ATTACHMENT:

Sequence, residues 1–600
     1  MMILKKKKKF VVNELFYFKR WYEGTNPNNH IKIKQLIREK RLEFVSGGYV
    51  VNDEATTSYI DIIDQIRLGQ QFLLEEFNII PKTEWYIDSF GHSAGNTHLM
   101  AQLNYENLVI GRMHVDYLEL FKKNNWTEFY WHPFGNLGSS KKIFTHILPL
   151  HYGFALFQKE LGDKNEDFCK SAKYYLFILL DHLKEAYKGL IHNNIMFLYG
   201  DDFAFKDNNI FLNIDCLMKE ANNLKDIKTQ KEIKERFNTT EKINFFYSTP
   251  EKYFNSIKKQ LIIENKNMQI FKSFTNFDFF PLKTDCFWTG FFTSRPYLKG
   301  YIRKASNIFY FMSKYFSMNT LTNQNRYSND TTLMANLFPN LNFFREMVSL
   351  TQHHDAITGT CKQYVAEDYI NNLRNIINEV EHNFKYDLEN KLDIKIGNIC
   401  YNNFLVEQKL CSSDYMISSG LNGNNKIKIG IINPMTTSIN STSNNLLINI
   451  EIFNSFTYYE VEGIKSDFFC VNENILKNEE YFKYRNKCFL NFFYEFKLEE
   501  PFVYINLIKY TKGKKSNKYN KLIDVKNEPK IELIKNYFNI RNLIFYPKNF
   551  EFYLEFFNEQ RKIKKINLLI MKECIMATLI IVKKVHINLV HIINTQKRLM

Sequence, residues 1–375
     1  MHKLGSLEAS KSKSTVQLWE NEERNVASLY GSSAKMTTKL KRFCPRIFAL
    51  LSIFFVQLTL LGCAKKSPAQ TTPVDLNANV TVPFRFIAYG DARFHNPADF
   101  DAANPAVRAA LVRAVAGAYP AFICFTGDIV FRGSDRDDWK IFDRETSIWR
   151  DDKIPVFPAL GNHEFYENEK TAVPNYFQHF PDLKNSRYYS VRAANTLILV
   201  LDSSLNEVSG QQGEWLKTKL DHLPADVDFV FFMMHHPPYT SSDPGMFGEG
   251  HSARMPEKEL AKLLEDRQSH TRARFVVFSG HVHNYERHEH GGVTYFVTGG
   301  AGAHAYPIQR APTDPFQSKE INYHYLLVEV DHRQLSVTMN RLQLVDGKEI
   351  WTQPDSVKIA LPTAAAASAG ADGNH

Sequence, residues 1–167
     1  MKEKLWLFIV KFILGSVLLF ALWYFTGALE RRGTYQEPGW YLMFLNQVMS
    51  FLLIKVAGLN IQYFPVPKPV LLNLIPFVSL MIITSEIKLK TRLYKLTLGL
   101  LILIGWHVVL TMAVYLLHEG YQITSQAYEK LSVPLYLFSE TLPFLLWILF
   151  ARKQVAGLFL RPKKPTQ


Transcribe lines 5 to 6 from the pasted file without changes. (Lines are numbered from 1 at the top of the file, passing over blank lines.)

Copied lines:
   151  HYGFALFQKE LGDKNEDFCK SAKYYLFILL DHLKEAYKGL IHNNIMFLYG
   201  DDFAFKDNNI FLNIDCLMKE ANNLKDIKTQ KEIKERFNTT EKINFFYSTP